World Cup fans are caught in a “desert storm” in Doha over housing, alcohol and overcrowding disputes

England and Wales fans landed in Qatar yesterday amid a “desert storm” of clashes over shelter, alcohol and overcrowding.

Fans were greeted by searing temperatures of 34°C (93°F) in the capital, Doha, which is hosting the first World Cup to be held in a Middle Eastern country.

As the world’s greatest football show kicks off this afternoon, Qatar’s rulers were already in damage control mode when fans first began uploading footage of “hellish” conditions in the residential villages.

There were also complaints that security guards were being overly aggressive, with one fan telling The Mail on Sunday he was cornered and accused of “spying” as he walked to his holiday home.

FIFA President Gianni Infantino addresses the opening match of the FIFA World Cup Qatar 2022

FIFA President Gianni Infantino addresses the opening match of the FIFA World Cup Qatar 2022

FIFA President Gianni Infantino addresses the opening match of the FIFA World Cup Qatar 2022

Sam, 33, from Reading, was left devastated by the ‘hit and run’ incident in which his mobile phone was knocked out of his hand by three security guards as he walked along while video calling his family.

The England fan, who declined to give his last name for fear of being targeted by strict Qatari authorities, said: “I don’t scare easily but their behavior was totally unnecessary. It left me shaken.’

Many fans continue to vent their anger after the Gulf nation’s sheikhs imposed a surprise last-minute beer ban in stadiums.

Yesterday the much-touted Fan Festival site opened – but fans had to queue for two hours to get inside, with no access to shelter or water in the scorching heat.

England begin their World Cup battle against Iran tomorrow at 16:00 (13:00 UK time).

Wales – in the tournament for the first time since 1958 – play USA at 10pm (7pm UK time).

Both home nations are in Group B, meaning they will face off in a derby later in the month, with the Prince of Wales – a staunch England supporter – among the remaining clashes.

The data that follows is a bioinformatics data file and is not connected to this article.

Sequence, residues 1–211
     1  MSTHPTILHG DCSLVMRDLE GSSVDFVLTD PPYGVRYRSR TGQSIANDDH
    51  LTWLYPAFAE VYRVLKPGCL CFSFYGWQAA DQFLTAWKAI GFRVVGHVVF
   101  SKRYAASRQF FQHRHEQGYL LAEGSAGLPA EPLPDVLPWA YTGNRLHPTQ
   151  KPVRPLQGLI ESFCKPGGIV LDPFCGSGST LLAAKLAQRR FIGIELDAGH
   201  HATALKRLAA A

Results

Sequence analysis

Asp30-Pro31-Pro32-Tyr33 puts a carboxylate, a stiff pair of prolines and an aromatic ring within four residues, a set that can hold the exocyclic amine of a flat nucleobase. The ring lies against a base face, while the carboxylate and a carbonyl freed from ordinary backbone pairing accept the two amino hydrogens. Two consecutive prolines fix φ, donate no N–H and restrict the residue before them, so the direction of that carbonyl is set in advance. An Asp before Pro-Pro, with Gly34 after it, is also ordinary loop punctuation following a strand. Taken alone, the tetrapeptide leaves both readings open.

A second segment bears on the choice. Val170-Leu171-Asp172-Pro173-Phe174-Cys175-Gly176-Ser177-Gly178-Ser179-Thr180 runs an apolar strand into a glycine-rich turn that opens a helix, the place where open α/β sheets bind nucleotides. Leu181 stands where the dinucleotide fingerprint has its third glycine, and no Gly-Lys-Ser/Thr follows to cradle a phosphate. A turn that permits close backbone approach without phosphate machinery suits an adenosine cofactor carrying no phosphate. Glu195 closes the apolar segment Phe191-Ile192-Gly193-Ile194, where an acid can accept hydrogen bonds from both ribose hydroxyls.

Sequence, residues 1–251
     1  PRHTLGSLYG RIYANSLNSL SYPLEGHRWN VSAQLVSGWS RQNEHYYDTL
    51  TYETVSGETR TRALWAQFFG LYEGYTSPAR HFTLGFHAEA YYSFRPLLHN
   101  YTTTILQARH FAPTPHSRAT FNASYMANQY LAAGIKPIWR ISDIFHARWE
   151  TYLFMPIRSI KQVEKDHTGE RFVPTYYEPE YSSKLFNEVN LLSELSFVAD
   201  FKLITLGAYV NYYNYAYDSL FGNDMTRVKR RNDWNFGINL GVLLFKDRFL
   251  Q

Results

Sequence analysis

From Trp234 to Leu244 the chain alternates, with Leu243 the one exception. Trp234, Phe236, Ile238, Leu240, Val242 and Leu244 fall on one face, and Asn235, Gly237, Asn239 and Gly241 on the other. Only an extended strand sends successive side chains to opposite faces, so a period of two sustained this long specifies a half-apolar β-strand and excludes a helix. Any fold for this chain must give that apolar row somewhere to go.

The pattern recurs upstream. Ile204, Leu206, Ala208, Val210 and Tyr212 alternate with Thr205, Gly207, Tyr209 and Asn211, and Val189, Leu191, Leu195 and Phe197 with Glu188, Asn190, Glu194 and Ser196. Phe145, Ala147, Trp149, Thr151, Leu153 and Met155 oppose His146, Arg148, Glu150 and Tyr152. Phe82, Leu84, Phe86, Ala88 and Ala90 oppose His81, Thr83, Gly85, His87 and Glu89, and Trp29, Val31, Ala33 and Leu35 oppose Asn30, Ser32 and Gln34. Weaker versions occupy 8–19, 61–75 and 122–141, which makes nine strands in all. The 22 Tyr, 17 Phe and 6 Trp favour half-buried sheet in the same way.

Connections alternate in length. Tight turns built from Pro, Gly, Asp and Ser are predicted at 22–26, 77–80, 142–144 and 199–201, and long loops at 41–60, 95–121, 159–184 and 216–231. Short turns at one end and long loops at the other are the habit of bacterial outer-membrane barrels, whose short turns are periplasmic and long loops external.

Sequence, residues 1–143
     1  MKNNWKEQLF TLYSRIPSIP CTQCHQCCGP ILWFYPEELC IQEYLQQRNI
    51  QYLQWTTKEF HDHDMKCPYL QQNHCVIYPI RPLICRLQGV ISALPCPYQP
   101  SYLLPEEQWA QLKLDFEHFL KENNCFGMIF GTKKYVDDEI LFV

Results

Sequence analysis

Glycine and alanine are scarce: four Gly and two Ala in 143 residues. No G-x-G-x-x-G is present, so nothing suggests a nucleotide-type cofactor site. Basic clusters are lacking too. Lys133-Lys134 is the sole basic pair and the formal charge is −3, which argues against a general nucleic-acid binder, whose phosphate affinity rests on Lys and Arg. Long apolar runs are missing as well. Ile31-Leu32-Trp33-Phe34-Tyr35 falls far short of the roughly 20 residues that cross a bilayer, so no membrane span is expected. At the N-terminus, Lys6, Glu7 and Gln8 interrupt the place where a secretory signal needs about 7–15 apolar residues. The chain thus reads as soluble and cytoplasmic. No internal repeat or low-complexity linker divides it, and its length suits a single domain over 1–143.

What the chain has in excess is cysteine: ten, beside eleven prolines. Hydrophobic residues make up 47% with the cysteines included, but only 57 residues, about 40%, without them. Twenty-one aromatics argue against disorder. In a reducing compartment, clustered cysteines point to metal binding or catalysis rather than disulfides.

FIFA President Gianni Infantino

FIFA President Gianni Infantino

FIFA President Gianni Infantino

FIFA President Gianni Infantino

It is by far the most expensive World Cup ever hosted, with Qatar pouring a staggering £185 billion into building stadiums and infrastructure over the 12 years

It's the fans who will feel the pinch, with exorbitantly cheap accommodation and beers costing a sobering £12 for less than a pint in the few places that are allowed to sell alcohol

It's the fans who will feel the pinch, with exorbitantly cheap accommodation and beers costing a sobering £12 for less than a pint in the few places that are allowed to sell alcohol

It’s the fans who will feel the pinch, with exorbitantly cheap accommodation and beers costing a sobering £12 for less than a pint in the few places that are allowed to sell alcohol

It is by far the most expensive World Cup ever hosted, as Qatar has poured a staggering £185 billion into building stadiums and infrastructure in the 12 years since it was controversially crowned football’s poster child.

But it’s fans who will feel the pinch, with exorbitantly expensive accommodation and beers costing a sobering £12 for less than a pint in the few places that are allowed to sell alcohol.

And footage and images on social media appeared to show piles of rubble and industrial machinery at the Rawdat Al Jahhaniya fan village, west of Doha, which will host thousands of England and Wales fans. Despite being billed at £185 a night as a cheaper alternative to expensive hotels, some fans have likened it to a “quarantine camp” or detention center.

In the colorful huts of the Cabins Free Zone fan village near the international airport, the first British guests complained that the cabins were hell, with stop-start air conditioning, smoke detectors beeping constantly and generators noisy.

Yesterday the much-touted Fan Festival site opened - but fans had to queue for two hours to get inside, with no access to shelter or water in the scorching heat

Yesterday the much-touted Fan Festival site opened - but fans had to queue for two hours to get inside, with no access to shelter or water in the scorching heat

Yesterday the much-touted Fan Festival site opened – but fans had to queue for two hours to get inside, with no access to shelter or water in the scorching heat

The already tense World Cup – the first in a Muslim country – has pitted the traditional trappings of football against the hosts’ conservative interpretation of Islam.

With vaping bans, public displays of love, alcohol and swearing – all of which can lead to arrest – British police “peacekeepers” have arrived in Qatar to “calm down” boisterous supporters.

Around 3,000-5,000 England fans are expected for the group stage, with numbers set to increase as the Three Lions advance.

Between 2,000 and 3,000 Wales supporters are expected, while both sides could be bolstered by expats in the region.

Source: | This article originally belongs to Dailymail.co.uk

https://www.soundhealthandlastingwealth.com/health-news/world-cup-fans-are-in-a-desert-storm-of-rows-over-accommodation-alcohol-and-overcrowding-in-doha/ World Cup fans are caught in a “desert storm” in Doha over housing, alcohol and overcrowding disputes

Brian Ashcraft

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